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story.lead_photo.caption The Sentinel-Record/Richard Rasmussen UNDER CONSTRUCTION: A backhoe dumps a load of dirt into a truck Wednesday in the parking lot at Oaklawn Racing and Gaming as part of improvement projects that have been taking place since this summer.

Oaklawn Racing and Gaming said Wednesday it intends to "move forward" following Tuesday's passage of Issue No. 4, which would allow full-fledged casino gaming at the race track.

The Sentinel-Record/File photo GAMES OF SKILL: Oaklawn Racing and Gaming opened its extended gaming area in 2015 with more electronic games of skill, as well as a new bar and restaurants. After voters across the state approved Issue No. 4 Tuesday, Oaklawn will be issued one of four casino gaming licenses in Arkansas.

The constitutional amendment authorizes the expansion of gambling at Oaklawn and Southland Gaming and Racing in West Memphis. Both currently offer electronic games of skill.

The amendment also authorizes the state to issue licenses for casinos in Pope and Jefferson counties, provided there is local support from elected officials.

Oaklawn said in a statement released Wednesday that it took no position on the ballot issue prior to the election "since this was a question for voters."

"Now that voters have spoken, Oaklawn will move forward as legislation and regulation permits, and continue with preparations for the 2019 live racing season, which begins January 25," the statement said.

Statewide, 462,438 voted "for" the issue while 392,884 voted "against" it, according to results posted on the Arkansas secretary of state's website as of Wednesday afternoon. In Garland County, Issue No. 4 received 16,256 votes "for" and 13,309 "against."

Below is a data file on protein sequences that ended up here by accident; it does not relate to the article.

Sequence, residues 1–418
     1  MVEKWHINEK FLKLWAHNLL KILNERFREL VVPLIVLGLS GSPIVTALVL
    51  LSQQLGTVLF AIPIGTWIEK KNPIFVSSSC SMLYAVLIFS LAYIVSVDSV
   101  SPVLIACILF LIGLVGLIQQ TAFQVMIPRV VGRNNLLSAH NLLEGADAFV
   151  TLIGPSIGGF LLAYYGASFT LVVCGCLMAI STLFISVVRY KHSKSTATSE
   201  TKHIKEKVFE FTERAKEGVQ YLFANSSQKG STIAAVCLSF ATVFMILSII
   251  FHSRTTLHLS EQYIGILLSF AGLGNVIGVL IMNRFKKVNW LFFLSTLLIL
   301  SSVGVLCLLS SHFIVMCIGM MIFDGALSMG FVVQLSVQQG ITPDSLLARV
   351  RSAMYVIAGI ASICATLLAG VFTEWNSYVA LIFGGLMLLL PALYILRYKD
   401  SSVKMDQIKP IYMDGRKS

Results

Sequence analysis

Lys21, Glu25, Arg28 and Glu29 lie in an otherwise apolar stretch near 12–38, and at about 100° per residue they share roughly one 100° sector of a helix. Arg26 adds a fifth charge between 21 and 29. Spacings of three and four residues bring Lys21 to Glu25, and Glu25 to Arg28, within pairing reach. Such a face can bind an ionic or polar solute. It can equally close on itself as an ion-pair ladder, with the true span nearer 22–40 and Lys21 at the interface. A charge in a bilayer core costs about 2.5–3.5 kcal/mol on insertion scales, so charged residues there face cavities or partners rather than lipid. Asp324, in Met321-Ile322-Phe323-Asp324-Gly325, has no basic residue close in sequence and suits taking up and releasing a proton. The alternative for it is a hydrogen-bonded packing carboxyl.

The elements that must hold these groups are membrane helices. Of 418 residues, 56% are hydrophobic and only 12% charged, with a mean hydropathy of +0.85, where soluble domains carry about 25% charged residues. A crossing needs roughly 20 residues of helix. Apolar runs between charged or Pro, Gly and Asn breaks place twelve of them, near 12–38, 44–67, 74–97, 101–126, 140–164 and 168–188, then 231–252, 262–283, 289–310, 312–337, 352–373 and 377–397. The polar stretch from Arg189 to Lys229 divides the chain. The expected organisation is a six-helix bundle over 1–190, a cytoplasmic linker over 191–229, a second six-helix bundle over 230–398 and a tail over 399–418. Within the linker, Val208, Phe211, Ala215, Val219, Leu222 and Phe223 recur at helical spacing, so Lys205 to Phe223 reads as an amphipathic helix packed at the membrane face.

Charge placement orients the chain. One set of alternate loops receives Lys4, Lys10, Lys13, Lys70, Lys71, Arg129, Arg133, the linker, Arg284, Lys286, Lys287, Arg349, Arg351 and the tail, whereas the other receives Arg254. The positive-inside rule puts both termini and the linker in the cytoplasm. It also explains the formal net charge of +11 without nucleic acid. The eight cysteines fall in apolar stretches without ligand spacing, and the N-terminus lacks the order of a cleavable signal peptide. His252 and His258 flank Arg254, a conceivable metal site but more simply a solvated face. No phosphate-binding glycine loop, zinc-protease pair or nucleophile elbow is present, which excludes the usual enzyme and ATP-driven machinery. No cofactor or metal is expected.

Alex Gray, counsel for the Driving Arkansas Forward committee, which sponsored the initiated ballot measure, said in Wednesday's edition of the Arkansas Democrat-Gazette that Arkansans approved the constitutional amendment because they responded to the committee's message of wanting to keep tax dollars in the state and of creating jobs and fostering economic development.

During a town hall meeting at National Park College on Oct. 26, Gov. Asa Hutchinson stated his opposition to Issue No. 4, saying that while the issue was "something you can vote on," that people should not believe the amendment would solve problems with the state's highways.

"There would be some revenue that would come from that," Hutchinson said. "It's hard to measure how much that would be and it will be a while before that comes in."

Hutchinson said his opposition was not for moral reasons in a sense of right and wrong, but in the economics of the issue and "where that leads in terms of increased services, increased challenges."

The governor reiterated his opposition to the casino amendment in a written statement on Tuesday, saying, "I did not support this initiative, and I continue to have great concern over the immediate and negative impact on the state's budget.

"But the people have spoken, and I respect their will. Time will tell as to what this means for our state, and it remains to be seen as to whether the communities affected will consent to the gambling initiative."

Improvements being made to the parking lot at the south end of Oaklawn's extended gaming area are not related to Issue No. 4, Jennifer Hoyt, media relations manager, said Wednesday.

Hoyt said the work has been taking place since early October and was planned as part of the track's overall improvement plan last summer.

"Basically, this is just routine maintenance," she said, adding these improvements have been necessary since the 2015 opening of the extended gaming area.

"We do want to stress that everything is open and we do have increased shuttle service that will take people from the parking lot right up to the front doors," she said. "We're going to have more parking for the live meet. This is just part of the overall plan with our new barns and new winner's circle, all to improve the overall fan experience."

Local on 11/08/2018

Print Headline: Oaklawn to 'move forward' after vote

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